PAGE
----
"Although I try, I cannot concentrate when my family and friends and associates are under the occupation of a ruthless dictator," Almudhaf said.
He said some of his Kuwaiti friends have dropped out of classes since the Iraqi invasion and flown to Saudi Arabia to join the Kuwaiti resistance. But most have registered for the fall term.
Barbara St. Urbain, director of International Services at the University of the Pacific, Stockton, which has 25 Kuwaiti students, said: "The embassy has told them the best thing they can do is stay in school, because when things stabilize, they'll have to go back and rebuild their country."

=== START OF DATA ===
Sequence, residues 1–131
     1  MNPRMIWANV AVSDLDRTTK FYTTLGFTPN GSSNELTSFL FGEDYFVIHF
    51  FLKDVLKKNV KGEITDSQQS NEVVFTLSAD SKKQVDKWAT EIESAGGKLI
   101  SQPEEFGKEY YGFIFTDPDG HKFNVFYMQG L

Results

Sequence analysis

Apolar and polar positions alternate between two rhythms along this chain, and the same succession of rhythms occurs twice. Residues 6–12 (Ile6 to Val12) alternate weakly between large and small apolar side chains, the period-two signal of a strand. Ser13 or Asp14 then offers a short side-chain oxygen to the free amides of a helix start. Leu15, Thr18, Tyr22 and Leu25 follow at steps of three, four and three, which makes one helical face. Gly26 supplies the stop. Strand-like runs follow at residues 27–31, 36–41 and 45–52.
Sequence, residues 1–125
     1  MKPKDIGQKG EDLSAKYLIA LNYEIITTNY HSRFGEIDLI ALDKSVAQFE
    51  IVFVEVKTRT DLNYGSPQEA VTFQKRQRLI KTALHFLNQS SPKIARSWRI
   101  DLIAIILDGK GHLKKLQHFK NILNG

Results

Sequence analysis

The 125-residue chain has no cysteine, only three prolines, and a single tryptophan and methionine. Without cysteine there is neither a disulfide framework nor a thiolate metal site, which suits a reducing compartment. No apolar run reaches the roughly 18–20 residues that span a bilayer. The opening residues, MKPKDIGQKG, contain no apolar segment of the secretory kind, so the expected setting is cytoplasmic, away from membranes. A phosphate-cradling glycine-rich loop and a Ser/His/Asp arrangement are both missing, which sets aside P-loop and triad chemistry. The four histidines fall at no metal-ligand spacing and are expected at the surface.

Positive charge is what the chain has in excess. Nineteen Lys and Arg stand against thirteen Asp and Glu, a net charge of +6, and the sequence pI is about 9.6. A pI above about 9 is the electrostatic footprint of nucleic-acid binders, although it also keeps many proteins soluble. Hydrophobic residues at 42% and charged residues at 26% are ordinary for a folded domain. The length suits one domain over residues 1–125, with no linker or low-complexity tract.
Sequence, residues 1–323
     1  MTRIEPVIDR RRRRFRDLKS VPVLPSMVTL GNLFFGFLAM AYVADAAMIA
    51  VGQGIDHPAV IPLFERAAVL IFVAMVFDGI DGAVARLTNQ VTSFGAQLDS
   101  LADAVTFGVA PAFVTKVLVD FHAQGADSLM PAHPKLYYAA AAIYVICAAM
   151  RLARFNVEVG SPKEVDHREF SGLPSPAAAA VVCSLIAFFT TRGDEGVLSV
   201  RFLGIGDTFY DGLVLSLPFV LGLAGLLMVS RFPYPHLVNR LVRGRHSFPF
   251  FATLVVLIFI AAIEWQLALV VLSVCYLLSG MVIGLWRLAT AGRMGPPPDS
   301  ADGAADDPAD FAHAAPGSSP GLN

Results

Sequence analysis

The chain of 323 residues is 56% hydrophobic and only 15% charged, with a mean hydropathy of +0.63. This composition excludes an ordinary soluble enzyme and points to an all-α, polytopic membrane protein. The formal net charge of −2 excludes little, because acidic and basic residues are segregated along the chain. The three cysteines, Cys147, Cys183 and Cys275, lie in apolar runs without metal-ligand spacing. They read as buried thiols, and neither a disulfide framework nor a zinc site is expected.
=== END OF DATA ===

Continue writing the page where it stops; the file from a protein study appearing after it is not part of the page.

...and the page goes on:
But Omar Parham, 21, who left Kuwait four months ago to attend Cal State L.A., doesn't know if he will ever go back. Parham, a Jordanian, has lived all his life in Kuwait. He had planned to study medical technology, and he had expected to get money for tuition from his father, an employee of the Kuwaiti Ministry of Defense.
"We have no rich government to take care of us," he said. "I still have some money for food, but in three months I won't have any money. It is very difficult for us here now."